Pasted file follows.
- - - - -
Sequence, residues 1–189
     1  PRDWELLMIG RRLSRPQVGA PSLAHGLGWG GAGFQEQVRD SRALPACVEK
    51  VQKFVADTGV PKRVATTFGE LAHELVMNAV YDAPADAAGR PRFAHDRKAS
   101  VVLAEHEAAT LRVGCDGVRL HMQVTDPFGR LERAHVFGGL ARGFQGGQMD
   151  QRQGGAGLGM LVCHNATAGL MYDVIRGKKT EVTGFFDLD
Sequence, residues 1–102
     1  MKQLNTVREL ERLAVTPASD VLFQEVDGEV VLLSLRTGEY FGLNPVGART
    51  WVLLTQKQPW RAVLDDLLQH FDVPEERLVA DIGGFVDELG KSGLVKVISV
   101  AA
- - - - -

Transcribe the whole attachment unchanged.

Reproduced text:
Sequence, residues 1–189
     1  PRDWELLMIG RRLSRPQVGA PSLAHGLGWG GAGFQEQVRD SRALPACVEK
    51  VQKFVADTGV PKRVATTFGE LAHELVMNAV YDAPADAAGR PRFAHDRKAS
   101  VVLAEHEAAT LRVGCDGVRL HMQVTDPFGR LERAHVFGGL ARGFQGGQMD
   151  QRQGGAGLGM LVCHNATAGL MYDVIRGKKT EVTGFFDLD
Sequence, residues 1–102
     1  MKQLNTVREL ERLAVTPASD VLFQEVDGEV VLLSLRTGEY FGLNPVGART
    51  WVLLTQKQPW RAVLDDLLQH FDVPEERLVA DIGGFVDELG KSGLVKVISV
   101  AA